Pension information: guide to the basic facts
You may have one or more different types of pension. Understanding which you have is important because it affects the decisions you need to make as you approach retirement.
- What type of pension do I have?
- Your State Pension choices
- Your pension choices if you have a defined benefit pension
- Your pension choices if you have a defined contribution pension
What type of pension do I have?
What is a pension pot?
‘Pension pot’ refers to a type of pension you build up with pension contributions you and/or your employer make. You’ll have one if you have a ‘defined contribution’ pension which includes workplace, personal and stakeholder pension schemes.
There are three main types of pension:
- The State Pension
- Defined benefit pensions
- Defined contribution pensions
Most people get some State Pension. It’s paid by the government and is a secure income for life which increases by at least the rate of inflation each year.
You build up your entitlement to the basic State Pension by making National Insurance contributions during your working life.
In some cases you can do this even when you’re not working, such as when you’re bringing up children or claiming certain benefits.
If you’re an employee who reached their State Pension date before 6 April 2016, you might also qualify for Additional State Pension.
The amount you get is based on your earnings as well as the National Insurance contributions you’ve made or been credited with. The Additional State Pension is paid with your basic State Pension.
If you’ll reach State Pension age on or after 6 April 2016 you’ll get the new State Pension.
The current rate for the full new State Pension is £155.65 per week. The amount you get depends on your National Insurance record.
You’ll usually need at least 10 qualifying years on your national insurance record to qualify.
If you’ve already built up State Pension under the previous system this will be translated into an amount that goes towards your new State Pension.
Defined benefit pension
You’re most likely to have a defined benefit (DB) pension if you work in the public sector or for a large company.
This is a salary-related pension which pays out a secure income for life and increases each year.
The pension you get is based on how long you’ve been a part of the scheme and how much you earn.
You might have a final salary type scheme where your pension is based on your pay when you retire or leave the scheme.
Alternatively you might have a career-average pension where your pension is based on the average of your pay while you were a member of the scheme.
Defined contribution pension
With this type of scheme you build up a pot to pay you a retirement income based on contributions from you and/or your employer and investment returns. Defined contribution (DC) pensions include workplace, personal and stakeholder pension schemes.
DC schemes might be run through an insurance company or master trust provider, or through a bespoke scheme set up by your employer.
The size of your pot depends on how much you and your employer contribute, the charges and how well your investments perform.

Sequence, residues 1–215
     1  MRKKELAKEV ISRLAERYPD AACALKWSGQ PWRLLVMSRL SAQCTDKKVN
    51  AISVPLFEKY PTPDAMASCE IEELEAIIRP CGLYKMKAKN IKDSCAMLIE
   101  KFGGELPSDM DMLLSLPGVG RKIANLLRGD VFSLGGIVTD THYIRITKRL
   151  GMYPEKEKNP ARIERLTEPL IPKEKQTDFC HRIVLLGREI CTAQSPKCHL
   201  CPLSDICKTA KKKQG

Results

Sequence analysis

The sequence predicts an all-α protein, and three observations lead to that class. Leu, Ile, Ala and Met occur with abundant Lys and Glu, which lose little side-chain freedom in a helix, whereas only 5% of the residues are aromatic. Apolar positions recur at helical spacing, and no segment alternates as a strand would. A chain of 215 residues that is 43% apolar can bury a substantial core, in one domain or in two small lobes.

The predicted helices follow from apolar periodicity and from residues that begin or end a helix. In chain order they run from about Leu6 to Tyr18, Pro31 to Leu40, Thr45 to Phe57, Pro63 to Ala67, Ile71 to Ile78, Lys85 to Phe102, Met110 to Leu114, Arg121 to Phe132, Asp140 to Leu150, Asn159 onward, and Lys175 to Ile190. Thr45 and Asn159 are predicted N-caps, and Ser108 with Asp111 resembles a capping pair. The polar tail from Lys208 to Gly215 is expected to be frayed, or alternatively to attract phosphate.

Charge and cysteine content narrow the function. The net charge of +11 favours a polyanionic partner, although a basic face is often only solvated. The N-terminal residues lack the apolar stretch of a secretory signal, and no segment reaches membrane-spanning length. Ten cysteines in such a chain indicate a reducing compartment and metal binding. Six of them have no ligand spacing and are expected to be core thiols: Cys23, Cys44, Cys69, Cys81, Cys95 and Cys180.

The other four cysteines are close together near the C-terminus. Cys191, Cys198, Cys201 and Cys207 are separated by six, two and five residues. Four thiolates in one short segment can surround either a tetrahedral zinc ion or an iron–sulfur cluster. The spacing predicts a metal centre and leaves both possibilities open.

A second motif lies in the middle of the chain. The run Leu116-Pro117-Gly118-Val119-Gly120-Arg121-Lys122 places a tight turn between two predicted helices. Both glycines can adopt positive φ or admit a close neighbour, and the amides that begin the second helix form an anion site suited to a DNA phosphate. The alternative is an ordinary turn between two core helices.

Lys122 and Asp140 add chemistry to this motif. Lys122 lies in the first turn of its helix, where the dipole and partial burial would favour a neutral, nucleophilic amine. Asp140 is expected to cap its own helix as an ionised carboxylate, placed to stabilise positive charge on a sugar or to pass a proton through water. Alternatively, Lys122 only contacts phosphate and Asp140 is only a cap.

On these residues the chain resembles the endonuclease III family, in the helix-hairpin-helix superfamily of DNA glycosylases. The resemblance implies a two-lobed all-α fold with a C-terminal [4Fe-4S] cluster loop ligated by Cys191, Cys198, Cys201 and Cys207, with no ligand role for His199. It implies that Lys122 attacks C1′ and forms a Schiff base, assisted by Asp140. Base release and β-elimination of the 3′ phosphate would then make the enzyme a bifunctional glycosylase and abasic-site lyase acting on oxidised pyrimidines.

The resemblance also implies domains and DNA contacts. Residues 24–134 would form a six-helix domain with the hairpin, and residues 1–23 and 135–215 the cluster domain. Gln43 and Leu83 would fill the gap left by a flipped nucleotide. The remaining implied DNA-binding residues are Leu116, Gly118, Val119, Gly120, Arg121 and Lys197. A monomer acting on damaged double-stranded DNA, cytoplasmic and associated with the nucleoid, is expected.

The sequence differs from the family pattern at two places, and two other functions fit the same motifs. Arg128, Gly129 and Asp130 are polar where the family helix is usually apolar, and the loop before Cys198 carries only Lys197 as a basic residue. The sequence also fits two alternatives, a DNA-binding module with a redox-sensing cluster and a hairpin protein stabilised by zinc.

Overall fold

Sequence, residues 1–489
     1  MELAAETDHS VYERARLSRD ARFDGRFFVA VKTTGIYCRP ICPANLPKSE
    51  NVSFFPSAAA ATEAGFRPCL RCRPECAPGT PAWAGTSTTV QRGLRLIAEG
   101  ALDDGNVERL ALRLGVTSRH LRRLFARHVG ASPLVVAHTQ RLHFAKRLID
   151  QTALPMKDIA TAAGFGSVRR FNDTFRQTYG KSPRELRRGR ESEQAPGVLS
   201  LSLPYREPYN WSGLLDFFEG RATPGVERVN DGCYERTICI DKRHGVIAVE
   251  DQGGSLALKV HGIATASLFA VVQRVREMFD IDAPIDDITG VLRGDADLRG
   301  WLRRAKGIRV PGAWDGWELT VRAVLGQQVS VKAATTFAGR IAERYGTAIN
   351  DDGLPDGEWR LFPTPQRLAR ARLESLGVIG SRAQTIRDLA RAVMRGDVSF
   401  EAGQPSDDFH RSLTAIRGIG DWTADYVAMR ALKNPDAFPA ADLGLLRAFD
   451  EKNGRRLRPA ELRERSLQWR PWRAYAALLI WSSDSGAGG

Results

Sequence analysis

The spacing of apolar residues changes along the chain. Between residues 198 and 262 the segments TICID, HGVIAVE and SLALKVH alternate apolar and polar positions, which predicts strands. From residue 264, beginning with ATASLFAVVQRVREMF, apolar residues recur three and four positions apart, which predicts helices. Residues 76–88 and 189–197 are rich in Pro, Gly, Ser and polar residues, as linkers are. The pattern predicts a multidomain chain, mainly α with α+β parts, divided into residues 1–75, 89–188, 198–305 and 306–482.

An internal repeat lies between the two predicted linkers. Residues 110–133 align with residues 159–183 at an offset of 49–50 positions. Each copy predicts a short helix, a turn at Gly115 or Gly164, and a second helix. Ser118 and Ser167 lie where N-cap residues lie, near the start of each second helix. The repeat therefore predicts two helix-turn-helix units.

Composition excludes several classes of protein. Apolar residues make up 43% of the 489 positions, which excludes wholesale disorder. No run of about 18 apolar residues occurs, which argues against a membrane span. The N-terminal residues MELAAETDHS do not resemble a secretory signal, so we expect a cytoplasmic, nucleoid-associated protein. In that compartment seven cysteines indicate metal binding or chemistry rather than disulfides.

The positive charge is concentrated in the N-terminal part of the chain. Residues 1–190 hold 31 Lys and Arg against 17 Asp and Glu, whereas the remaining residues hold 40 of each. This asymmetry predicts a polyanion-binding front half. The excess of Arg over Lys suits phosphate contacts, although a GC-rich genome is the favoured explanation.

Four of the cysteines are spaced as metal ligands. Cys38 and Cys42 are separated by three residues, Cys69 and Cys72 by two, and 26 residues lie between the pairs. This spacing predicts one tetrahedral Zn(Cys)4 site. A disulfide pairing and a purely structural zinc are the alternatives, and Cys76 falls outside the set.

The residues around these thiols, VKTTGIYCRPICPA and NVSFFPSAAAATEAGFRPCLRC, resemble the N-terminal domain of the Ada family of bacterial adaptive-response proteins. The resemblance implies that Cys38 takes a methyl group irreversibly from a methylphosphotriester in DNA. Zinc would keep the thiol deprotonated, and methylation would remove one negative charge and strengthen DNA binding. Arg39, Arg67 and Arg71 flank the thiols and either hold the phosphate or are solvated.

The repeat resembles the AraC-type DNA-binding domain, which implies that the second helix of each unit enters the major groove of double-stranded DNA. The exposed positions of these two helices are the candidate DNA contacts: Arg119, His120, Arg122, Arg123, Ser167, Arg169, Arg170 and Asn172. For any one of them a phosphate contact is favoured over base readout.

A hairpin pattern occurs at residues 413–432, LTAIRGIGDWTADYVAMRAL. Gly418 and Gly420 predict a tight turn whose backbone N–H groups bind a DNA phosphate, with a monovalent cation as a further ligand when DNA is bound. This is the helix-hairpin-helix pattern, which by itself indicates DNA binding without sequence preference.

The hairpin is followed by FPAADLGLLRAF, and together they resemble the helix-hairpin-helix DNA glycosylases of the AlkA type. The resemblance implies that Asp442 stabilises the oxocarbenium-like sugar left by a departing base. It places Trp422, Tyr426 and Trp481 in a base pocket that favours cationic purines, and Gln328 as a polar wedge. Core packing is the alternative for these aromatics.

Your State Pension choices
You can claim your State Pension once you reach state pension age.
You can also choose to defer it and get more. If you reached State Pension age before 6 April 2016, for every year you defer, your pension is increased by 10.4%.
Alternatively, if you defer for at least a year, you can take the deferred amount as a lump sum.
If you reach State Pension age on or after 6 April 2016, the increase is around 5.8% for every year and can only be taken as income.
Your pension choices if you have a defined benefit pension
Most defined benefit pension schemes have a normal retirement age of 65.
If your scheme allows, you might be able to take your pension earlier but this will reduce the pension you get quite considerably.
Again depending on your scheme, you might be able to defer taking your pension and this might mean you receive a higher income when you do take it.
When you take your pension you’ll usually have to decide whether to take some of it as tax-free cash.
You can take roughly up to a quarter of the value of your pension benefits like this.
Reducing the amount of tax-free cash you take will increase the amount of income you receive.
It is possible to transfer your defined benefit pension to a defined contribution pension which would then allow you to access your pension more flexibly.
However, this is rarely a good idea and you must take financial advice before doing so.
Your pension choices if you have a defined contribution pension
Once you reach 55 (or younger if you’re in poor health) you have complete freedom over what to do with your pension pot.
However, most people will want to continue building it up for some years after this so they have more money in retirement.
To understand the choices for using your pension pot, use Pension Wise – the free and impartial service backed by government.
However, this guidance won’t tell you the best option for you at retirement, only what the options are.
If you want advice about what you should do, talk to a financial adviser.
You can find FCA registered financial advisers who specialise in retirement planning in our Retirement adviser directory.